By Richard A. Serrano
5:40 PM EDT, July 10, 2013
WASHINGTON — Dzhokhar Tsarnaev made his first public court appearance Wednesday, leaning over a microphone and repeating again and again in a Russian accent “not guilty” to potential capital murder charges in a federal courtroom packed with victims and their families getting their first look at the man who is suspected of killing three and injuring 260 in the Boston Marathon bombing.
His left arm in a cast, his jaw apparently bruised, his eye swollen, he flashed a wry smile at his two sisters in Muslim dress, then blew them a kiss as he was led away after the arraignment that lasted no more than seven minutes, as described by news sources. One of the sisters was holding a baby. The other was crying.
Tsarnaev faces 30 federal charges, including using a weapon of mass destruction. The 19-year-old was driven to and from the courthouse in a white van escorted by a three-vehicle motorcade with heavily armed officers. Outside, a small group of Tsarnaev supporters chanted “Justice for Dzhokhar” and jockeyed on the sidewalk with victims and others still visibly angry over the April 15 bombing.
Tsarnaev's brief appearance at the federal courthouse in Boston, described in wire service reports, came as Senate and House lawmakers in Washington held separate hearings into “lessons learned” from the attack and drew renewed criticism from Boston Police Commissioner Ed Davis that the FBI should have shared information about a trip to Russia by Tsarnaev’s older brother, Tamerlan, and his connection to a Chechen separatist region.
“There should be a full and equal partnership,” Davis told the Senate Homeland Security and Government Affairs Committee, ratcheting up his earlier frustrations that the FBI withheld from local police information about Tamerlan Tsarnaev and his trip to Russia.
At the House Homeland Security Committee session, chairman Michael McCaul (R-Texas), complained bitterly that the FBI had refused to participate in the hearing, even turning down an offer to meet with committee members in a closed meeting. “What concerns me greatly is that the problem at the heart of preventing the Boston bombings – the failure to share information – is being witnessed now in this very room,” McCaul said.
But Paul Bresson, a top FBI spokesman in Washington, defended the bureau, saying the FBI has briefed the House committee “on several occasions” and advised McCaul on July 3 that it could not participate in the hearing because the bombing case remains “an ongoing investigation and a pending prosecution.”
Bresson added, “We have an obligation to protect the integrity of the judicial process while it is ongoing.”
FBI officials in Boston have said local police on the Joint Terrorism Task Force would have had computer access to any leads and investigations worked by law enforcement agencies, and could have learned about the FBI’s investigation into Tamerlan Tsarnaev on behalf of the Russian government.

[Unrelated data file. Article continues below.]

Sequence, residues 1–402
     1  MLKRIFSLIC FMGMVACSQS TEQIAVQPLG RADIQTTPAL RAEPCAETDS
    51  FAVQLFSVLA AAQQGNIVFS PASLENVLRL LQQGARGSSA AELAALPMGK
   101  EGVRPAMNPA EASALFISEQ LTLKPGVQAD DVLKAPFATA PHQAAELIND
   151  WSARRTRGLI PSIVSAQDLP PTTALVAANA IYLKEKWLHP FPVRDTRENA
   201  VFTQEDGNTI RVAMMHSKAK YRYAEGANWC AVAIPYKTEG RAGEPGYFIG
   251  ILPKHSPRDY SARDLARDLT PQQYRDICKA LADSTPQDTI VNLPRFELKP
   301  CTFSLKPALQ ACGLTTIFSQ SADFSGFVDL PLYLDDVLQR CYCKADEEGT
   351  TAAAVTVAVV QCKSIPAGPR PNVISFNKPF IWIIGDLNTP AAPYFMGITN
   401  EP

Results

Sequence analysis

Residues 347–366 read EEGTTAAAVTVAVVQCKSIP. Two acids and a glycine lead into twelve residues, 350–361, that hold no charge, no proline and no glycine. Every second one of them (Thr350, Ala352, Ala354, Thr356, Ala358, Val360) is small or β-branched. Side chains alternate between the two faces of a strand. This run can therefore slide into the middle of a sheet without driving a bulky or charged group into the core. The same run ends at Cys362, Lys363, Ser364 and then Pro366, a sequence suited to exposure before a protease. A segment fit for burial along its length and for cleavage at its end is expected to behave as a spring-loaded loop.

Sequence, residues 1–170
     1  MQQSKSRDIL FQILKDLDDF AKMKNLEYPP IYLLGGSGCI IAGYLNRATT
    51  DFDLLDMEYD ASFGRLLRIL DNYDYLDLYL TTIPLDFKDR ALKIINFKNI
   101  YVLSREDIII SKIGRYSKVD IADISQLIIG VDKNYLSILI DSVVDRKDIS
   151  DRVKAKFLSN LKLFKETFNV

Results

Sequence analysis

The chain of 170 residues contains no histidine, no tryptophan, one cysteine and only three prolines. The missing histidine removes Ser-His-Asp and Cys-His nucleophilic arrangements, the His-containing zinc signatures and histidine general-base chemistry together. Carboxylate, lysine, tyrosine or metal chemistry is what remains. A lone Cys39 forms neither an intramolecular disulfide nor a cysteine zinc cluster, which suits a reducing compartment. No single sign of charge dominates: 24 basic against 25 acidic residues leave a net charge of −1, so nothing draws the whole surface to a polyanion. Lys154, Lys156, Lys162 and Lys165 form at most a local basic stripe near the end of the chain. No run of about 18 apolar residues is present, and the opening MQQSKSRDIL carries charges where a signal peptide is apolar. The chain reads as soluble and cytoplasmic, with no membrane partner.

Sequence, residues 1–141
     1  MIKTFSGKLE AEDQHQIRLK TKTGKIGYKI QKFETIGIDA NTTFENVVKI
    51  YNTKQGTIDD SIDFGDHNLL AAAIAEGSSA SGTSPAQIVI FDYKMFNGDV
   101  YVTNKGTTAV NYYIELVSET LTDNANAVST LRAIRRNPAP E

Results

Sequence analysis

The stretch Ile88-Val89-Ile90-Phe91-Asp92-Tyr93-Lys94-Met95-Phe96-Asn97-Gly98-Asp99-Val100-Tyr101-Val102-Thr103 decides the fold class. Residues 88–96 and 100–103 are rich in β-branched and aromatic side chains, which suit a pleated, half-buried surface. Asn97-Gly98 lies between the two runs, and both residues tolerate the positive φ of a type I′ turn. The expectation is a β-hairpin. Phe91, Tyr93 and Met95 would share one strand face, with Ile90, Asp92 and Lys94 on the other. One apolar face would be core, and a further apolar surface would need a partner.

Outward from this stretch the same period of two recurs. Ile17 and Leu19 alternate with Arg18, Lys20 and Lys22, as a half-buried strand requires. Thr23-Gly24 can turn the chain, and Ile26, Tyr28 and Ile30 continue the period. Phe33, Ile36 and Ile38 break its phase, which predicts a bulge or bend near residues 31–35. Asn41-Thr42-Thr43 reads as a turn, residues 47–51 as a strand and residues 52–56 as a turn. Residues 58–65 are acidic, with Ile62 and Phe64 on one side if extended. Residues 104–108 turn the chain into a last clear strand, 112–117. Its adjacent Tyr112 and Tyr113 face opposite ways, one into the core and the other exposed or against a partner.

But Davis saw it differently, saying his officers were kept in the dark. “We have four officers who are assigned to the JTTF,” the police commissioner said. “There's one in each terrorism squad. But we were not aware of the information on Tsarnaev and his travel overseas.
“I'm not saying that we would have done anything different had we had the information that the FBI had prior to this,” Davis said. “But I am saying that there should be a full and equal partnership where everyone is sharing equally.”
The Boston police commissioner said that it would put his patrol officers and detectives in jeopardy not knowing in advance that someone like Tamerlan had been the target of an investigation by the FBI and Russian law enforcement over alleged ties to violent groups in Chechnya.
“When my officer stops Tsarnaev or someone like him,” Davis said, “we're blind as to the prior information, and that puts my officers at risk. So I feel very, very strongly about this.”
As it turned out, the Tsarnaev brothers were shooting at police and throwing pressure cooker bombs at officers trying to arrest them several nights after the bombing, according to authorities. Tamerlan was killed in the fire fight, and Dzhokhar was arrested the following day when police used to gunfire to force him out of a dry-docked boat.
Davis also said he was uncomfortable that federal law enforcement officials read Dzhokhar his Miranda rights against self-incrimination before he was charged a couple of days later. He indicated that it might have been better to try to keep the only living Tsarnaev brother talking.
“We did have an evolving threat for a period of time after those bombs were thrown,” he said, “and I can see that there can be unfolding situations where it might not be appropriate.”
At the House hearing, McCaul noted that Al Qaeda in the Arab Peninsula’s “Inspire” magazine is already praising the Tsarnaev brothers and using the Boston bombing to recruit new terrorists. It included a poem under the alias, “Tamerlan 2” that went:
“Brother residing in the West, grab your chance and walk steadfastly towards your goal. As for me here in Yemen, whenever I move around with explosive around my waist, I wish I am in America.”
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